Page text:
Dec. 7, 2021: The Navy contests the health department's order to further suspend the use of fuel tanks and drain them.

Secretary of the Navy Carlos Del Toro directs the pause of all operations at the Red Hill storage tanks until the investigation into the source of the petroleum leak is completed — but does not mention defueling the tank, as the emergency order directed.

NAVSEC RED HILL 2 carlos del toro
Office of the Secretary of the Navy
Navy Secretary Carlos Del Toro and Chief of Naval Operations Adm. Mike Gilday tour the Red Hill fuel storage facility on Dec. 6, 2021.

Dec. 6, 2021: The Navy says it suspended the use of the storage tank facility on Nov. 27.

Gov. David Ige and the Department of Health order the Navy to further suspend operations until independent evaluators can ensure that appropriate actions are taken to protect drinking water. They also order the Navy to treat contaminated drinking water and plan to remove the fuel.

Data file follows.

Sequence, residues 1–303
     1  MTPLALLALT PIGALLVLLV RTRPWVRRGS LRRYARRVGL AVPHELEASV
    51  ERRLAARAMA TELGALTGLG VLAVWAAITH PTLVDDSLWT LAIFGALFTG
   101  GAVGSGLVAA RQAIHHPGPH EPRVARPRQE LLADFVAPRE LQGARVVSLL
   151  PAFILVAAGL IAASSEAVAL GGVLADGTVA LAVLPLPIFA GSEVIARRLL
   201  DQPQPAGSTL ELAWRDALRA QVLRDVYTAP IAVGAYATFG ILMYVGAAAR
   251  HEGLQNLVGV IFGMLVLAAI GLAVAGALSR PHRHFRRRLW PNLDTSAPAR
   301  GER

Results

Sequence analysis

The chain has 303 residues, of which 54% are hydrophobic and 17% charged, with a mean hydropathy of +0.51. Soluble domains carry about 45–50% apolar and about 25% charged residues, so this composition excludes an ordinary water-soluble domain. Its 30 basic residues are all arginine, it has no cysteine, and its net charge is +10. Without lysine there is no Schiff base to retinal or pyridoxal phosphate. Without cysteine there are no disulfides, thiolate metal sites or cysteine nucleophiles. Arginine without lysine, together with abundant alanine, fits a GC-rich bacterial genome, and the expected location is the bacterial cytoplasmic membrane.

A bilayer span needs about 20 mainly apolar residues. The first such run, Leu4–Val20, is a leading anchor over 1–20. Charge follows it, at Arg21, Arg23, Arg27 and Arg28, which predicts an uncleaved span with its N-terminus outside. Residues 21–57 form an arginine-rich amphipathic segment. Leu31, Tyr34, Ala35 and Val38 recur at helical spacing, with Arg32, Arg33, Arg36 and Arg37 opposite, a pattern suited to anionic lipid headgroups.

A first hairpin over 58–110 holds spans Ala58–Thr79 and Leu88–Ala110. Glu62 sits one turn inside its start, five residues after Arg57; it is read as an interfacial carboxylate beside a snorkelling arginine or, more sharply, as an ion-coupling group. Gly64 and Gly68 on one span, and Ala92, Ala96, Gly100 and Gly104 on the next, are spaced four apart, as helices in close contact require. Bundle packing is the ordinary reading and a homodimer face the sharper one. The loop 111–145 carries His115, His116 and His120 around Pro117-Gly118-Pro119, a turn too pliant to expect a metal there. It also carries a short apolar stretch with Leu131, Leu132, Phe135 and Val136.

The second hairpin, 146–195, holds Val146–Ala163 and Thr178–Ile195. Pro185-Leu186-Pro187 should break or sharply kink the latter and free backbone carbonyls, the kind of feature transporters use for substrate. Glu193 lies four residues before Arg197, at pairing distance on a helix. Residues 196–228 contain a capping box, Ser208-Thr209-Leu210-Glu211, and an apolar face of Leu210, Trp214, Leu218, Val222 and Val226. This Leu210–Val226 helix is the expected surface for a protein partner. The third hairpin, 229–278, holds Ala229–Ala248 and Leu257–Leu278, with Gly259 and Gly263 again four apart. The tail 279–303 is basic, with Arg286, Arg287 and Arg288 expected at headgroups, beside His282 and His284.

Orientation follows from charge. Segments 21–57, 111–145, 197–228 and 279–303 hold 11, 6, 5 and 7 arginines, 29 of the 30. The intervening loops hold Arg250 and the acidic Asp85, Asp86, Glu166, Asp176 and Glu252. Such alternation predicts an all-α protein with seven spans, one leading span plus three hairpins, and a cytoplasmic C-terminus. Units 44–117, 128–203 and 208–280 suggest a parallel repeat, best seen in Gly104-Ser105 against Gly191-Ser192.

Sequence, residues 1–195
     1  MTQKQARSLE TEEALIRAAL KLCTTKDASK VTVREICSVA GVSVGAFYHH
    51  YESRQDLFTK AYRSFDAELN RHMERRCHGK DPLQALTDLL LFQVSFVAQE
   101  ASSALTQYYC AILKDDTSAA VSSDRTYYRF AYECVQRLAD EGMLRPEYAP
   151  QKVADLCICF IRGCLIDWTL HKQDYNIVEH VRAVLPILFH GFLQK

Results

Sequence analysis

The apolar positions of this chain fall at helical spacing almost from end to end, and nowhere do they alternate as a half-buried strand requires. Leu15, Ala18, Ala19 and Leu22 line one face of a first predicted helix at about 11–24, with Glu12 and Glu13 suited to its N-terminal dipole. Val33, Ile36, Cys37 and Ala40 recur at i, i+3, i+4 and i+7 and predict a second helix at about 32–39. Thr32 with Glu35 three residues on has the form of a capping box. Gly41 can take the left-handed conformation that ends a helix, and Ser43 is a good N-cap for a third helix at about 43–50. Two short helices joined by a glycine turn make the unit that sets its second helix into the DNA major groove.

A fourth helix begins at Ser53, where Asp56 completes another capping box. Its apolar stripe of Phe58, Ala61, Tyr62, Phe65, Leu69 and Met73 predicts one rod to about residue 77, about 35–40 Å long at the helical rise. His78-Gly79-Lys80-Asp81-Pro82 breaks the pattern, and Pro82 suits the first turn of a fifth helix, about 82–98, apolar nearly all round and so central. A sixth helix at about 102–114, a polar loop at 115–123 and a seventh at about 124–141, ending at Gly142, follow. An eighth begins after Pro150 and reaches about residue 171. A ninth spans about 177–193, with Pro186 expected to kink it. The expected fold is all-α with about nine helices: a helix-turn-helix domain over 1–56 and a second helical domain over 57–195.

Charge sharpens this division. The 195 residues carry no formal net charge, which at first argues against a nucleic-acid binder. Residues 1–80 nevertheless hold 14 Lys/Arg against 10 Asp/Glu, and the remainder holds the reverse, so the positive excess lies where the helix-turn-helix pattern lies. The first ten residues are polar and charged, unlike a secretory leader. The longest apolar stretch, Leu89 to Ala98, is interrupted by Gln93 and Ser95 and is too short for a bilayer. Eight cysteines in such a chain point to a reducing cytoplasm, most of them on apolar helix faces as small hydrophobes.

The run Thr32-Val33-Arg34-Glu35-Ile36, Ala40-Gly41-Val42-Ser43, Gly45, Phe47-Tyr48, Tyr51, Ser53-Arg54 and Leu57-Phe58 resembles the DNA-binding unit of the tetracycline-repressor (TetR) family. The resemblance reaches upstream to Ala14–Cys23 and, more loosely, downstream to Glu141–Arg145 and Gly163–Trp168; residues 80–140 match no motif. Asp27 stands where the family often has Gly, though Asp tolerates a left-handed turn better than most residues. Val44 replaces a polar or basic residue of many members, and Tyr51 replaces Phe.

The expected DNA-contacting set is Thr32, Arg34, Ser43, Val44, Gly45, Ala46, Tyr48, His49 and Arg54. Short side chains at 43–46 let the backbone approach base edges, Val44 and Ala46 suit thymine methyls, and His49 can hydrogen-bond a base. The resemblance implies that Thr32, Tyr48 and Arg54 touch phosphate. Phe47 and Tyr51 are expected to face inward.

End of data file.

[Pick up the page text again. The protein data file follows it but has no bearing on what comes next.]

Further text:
Dec. 5, 2021: Gov. David Ige and Hawaiʻi’s congressional delegation say that operations at the Red Hill fuel site should be suspended immediately.

Rear Adm. Blake Converse says at a Sunday town hall meeting that a recent spill was likely the source of the contamination found in the well.

Dec. 3, 2021: The Honolulu Board of Water Supply shuts down its Halawa Shaft as a precaution. A report released Dec. 13 by the BWS finds no contaminants in its Halawa Shaft.

The Hawaiʻi congressional delegation urges Gov. David Ige to request an emergency declaration from President Joe Biden.

The U.S. Navy authorizes evacuation and/or lodging allowances for residents in affected areas.

Dec. 2, 2021: The Navy says tests identified petroleum in its Red Hill well. Rear Adm. Blake Converse, Pacific Fleet deputy commander, told a town hall meeting the Navy took this well offline on Nov. 28 because it was the closest well to affected housing areas. The source of contamination is not yet announced.

The U.S. Army authorizes evacuation and/or lodging allowances for residents in affected areas.